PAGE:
Skip to main content


Showing posts from August 10, 2014

LFN Look Back: Bonfires and "P-Rades" Lead Up To The Game

For a very long period during the Rivalry, parades and bonfires have played a large part of the festivities, though their timing and purpose have changed over time. And just like “smokers”, parades bonfires started out as athletic celebrations separate from the Rivalry, but ultimately became intertwined with the traditions of the game. The tradition of the parade and bonfire dates from the times when cars were still rare, and most of the transportation into South Bethlehem came by the Lehigh Valley Railroad, whose station was only a few blocks from campus. Bonfires celebrating athletic victories were not unknown in the late 1890s at both Lehigh and Lafayette, as well as parades for successful athletic teams.  They may have been inspired by Harvard, Yale and Princeton, who were starting to celebrate their biggest victories over each others with large bonfires.

Know Your 2014 Opponents: Yale

As you meander to Yale's website, you're greeted by an intro video when you click on the link to bring you to " Inside Yale Football ". The video, featuring a pump-up-the-faithful talk by head coach Tony Reno , has a gothic soundtrack, panning over Yale's 100 year old stadium, and also panning over walk of fame involving players from as far back as 1872. That's not going to be Lehigh's issue, however, when they're Yale's opponent in the Eli's opening-day game, where the Bulldogs will be celebrating their 100th season playing in the Yale Bowl. Yale saw its first game played there 100 years ago, minus six days, with a team that was one of the college football powerhouses in the entire nation.  This time around, though, they'll be a team that is picked to finish fifth in the eight-team Ivy League, and is a very young team.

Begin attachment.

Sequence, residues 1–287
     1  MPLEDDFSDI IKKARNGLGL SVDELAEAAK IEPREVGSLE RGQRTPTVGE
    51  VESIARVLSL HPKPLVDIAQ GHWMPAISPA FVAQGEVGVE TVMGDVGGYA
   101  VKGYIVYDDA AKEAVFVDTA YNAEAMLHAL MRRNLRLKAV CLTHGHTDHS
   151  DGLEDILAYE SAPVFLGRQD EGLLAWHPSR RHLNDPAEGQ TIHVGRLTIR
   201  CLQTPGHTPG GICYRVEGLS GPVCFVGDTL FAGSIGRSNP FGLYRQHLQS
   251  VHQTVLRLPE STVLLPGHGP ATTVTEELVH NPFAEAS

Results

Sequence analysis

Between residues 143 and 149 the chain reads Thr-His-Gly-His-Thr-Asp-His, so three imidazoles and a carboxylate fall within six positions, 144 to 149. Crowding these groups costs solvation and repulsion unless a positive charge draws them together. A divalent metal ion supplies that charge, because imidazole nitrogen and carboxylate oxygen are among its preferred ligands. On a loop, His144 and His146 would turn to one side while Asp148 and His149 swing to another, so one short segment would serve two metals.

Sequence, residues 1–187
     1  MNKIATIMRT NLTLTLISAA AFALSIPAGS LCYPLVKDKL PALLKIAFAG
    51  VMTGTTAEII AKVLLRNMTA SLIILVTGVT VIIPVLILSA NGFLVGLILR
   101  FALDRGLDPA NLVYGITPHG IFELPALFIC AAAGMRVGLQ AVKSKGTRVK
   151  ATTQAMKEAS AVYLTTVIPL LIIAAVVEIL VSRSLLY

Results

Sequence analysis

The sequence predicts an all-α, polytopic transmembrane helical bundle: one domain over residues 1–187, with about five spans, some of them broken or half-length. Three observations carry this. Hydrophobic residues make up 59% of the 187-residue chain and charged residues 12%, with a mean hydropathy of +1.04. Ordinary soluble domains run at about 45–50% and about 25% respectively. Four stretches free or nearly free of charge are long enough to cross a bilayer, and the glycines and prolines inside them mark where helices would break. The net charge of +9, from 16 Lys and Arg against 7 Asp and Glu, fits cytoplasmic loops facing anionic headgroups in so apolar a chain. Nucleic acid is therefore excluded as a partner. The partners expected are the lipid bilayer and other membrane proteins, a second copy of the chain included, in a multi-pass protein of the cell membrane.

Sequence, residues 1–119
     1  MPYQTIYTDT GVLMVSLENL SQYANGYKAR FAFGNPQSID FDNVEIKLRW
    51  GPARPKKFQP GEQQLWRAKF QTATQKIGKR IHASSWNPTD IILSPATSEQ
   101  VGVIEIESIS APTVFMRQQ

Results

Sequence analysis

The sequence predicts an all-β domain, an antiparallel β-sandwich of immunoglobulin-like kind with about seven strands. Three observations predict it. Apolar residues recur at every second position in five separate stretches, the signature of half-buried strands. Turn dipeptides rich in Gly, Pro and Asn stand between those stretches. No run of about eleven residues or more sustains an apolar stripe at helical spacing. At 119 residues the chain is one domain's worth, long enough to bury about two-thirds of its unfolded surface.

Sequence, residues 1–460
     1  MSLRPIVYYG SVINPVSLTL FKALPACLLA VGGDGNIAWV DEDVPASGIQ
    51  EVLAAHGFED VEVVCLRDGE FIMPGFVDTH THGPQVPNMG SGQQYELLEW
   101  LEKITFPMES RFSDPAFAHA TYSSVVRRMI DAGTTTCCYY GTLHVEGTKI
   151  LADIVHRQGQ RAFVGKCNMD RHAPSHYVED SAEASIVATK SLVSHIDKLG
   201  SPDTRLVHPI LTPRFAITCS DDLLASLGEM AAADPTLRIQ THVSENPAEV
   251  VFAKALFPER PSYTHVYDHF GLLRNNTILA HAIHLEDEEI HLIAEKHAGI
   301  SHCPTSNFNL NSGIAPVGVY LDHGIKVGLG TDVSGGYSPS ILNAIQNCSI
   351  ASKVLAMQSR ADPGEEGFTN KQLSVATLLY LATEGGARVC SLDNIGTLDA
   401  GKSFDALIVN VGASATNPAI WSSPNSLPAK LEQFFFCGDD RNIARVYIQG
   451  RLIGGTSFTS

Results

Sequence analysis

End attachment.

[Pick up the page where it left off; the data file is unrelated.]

"Team Market", "Libertarianism" And The Right Direction for College Athletics

When you look at politics, whether on a formal or informal basis, you see fads appear and disappear as so many fashion trends. Today the fad goes to "libertarianism", which, supposedly is being revisited by the younger set and some of the cognigentia as an interesting, currently viable political philosophy. I've always been of the philosophy that people can believe politically in what they want.  Generally, I have no quarrel with "libertarians". Until their worldview creeps into a narrow subset of collegiate athletics, using faulty, incorrect applications of economic theory to justify an economic world that is wrong - and dangerous.